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Kraan - 1982/2005 - "Nachtfahrt"

(47 min, Inside Out)

TRACK LIST:                             

1.  Wintruper Echo 4:29
2.  Faust 2000 4:12
3.  Elfenbein 5:08
4.  Nachtfahrt 6:28
5.  Playing for You 3:55
6.  Viel zu Neib 3:00
7.  Normal 4:05
8.  Paper Stars 4:50
9.  Luna Park 6:02
Bonus track:
10. The Daily Blues 5:04

All tracks: by Wolbrandt & Hattler, except
4: Hattler / Bischof & 10: Brown. 
Produced by Kraan & C Plank.


Peter Wolbrandt - guitars; vocals 
Hellmut Hattler - bass; vocals
Ingo Bischof - keyboards 
Jan Fride - drums
Gerry Brown - drums

Prolusion. Here is KRAAN's seventh studio album, "Nachtfahrt". For more info on this deluxe reissue series and for the band's discography, please check the review of their fifth studio effort, "Wiederhoren".

Analysis. Ouch. "Nachtfahrt" was made at the beginning of the 'dark decade' of the '80s. Like many of the other classic bands of the genre, Kraan turned out to be led by "demands of the time" in those troubling years. This album has a strong commercial sense, some of the tracks having nothing to do with Prog Rock in general and with Jazz-Fusion in particular. The songs: Faust 2000, Viel zu Neib and Normal are pop-funk with reggae-like vocals, somewhere in the vein of Queen's Another One Bites the Dust (from "The Game", 1980) and are the most primitive, particularly the former, which is just incredibly monotonous, due to the abundance in electronics and the absence of theme and tempo changes either. Like Faust 2000, the instrumental piece Wintruper Echo has also a certain robotic feel to it, but there are also some fine solos of electric and acoustic guitar, making it sound more or less natural. Elfenbein is a traditional mainstream Pop Rock song with the structural construction where everything has been sacrificed to the passion for absolute symmetry, the couplets and refrains alternating each other with a fatal-like inevitability. It's all the same in the vocal-based arrangements on Paper Stars, but there are two instrumental sections filled with some tasteful quasi Jazz-Fusion. This would be the first of the five numbers that are a decent listen. The meaty Hard Rock guitar riffs in conjunction with bluesy harmonies and a sincere, expressive singing determine the sound of the other two songs with English lyrics: Playing for You and The Daily Blues, the bonus track being one of the best three tracks on the album. By the highest standards however, only the instrumental compositions: the title track and Luna Park (both are the longest and are full-fledged Jazz-Fusion) are worthy of Kraan's glorious past, even though the band is less unpredictable on the latter. Finally, I'd like to mention what follows. As it's stated in the CD booklet, The Daily Blues should have been included in the LP, but was left off in favor of Faust 2000 at the last minute, "due to time restrictions on the original vinyl", which is an absurd statement. The Daily Blues is less than one minute longer than that track, so the album's running time would've been about 43 minutes had it been there, which is far from the time limit the LP had in the '70s, just remember Genesis, each of the first ten albums by whom exceeds 50 minutes in duration. After listening to "Nachtfahrt", the true reason of the replacement will be clear to anyone.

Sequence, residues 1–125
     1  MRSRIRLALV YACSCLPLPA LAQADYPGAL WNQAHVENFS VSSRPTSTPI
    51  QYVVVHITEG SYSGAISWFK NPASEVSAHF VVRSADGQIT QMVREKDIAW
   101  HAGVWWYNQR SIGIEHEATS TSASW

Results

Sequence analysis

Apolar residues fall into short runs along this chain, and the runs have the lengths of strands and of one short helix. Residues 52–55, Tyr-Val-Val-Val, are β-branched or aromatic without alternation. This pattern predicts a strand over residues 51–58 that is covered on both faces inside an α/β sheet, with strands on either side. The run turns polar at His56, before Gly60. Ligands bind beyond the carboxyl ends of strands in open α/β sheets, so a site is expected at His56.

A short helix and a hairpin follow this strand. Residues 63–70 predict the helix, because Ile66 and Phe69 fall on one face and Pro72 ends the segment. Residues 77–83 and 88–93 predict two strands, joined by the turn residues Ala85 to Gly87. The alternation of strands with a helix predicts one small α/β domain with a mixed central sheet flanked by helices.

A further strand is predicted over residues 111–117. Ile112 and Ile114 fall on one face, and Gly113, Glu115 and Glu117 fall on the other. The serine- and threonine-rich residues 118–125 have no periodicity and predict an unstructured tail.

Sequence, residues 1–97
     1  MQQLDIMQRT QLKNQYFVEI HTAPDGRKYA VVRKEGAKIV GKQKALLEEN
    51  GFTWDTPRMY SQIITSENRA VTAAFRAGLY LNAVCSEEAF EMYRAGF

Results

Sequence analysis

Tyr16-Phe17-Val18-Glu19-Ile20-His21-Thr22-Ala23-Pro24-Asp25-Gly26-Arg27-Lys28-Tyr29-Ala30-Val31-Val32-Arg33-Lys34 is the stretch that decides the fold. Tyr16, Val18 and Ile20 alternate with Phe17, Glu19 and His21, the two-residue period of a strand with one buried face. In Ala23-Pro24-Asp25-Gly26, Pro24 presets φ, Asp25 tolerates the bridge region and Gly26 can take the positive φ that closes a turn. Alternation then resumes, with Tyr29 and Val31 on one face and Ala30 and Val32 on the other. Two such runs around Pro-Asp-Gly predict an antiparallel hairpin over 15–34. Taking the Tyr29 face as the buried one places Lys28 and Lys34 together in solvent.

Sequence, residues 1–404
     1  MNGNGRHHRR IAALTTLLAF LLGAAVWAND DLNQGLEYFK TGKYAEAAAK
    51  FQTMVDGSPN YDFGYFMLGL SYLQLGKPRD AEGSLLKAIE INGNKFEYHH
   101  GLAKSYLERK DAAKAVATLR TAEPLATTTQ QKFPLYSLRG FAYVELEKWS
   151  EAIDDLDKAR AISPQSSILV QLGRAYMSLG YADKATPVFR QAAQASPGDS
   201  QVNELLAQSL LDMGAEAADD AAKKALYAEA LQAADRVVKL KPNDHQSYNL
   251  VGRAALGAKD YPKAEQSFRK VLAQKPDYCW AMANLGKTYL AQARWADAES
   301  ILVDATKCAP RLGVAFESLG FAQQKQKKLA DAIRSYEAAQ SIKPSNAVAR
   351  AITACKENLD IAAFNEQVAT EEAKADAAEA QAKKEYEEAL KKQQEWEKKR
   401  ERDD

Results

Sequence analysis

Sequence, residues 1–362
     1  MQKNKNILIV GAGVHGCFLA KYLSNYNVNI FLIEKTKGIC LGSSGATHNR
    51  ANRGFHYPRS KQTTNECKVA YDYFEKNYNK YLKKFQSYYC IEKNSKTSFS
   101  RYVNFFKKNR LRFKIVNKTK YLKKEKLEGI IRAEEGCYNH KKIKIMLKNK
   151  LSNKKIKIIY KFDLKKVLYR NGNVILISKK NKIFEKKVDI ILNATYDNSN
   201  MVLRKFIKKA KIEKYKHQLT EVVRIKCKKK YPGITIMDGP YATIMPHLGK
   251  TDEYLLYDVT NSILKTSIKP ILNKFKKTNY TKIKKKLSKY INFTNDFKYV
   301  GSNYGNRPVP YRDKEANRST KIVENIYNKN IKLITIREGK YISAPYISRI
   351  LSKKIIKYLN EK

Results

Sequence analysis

Conclusion. I am not about to blame the band for giving up their principles while trying to survive. Unlike the same Genesis however, they weren't aware of the difficulties, waiting for anyone on the way of the change of direction. In any event, "Nahtfahrt" can be recommended to the die-hard Kraan fans and so-called collectors only. Prog lovers, start with "Wiederhoren" and then work backwards.

VM: October 3, 2005

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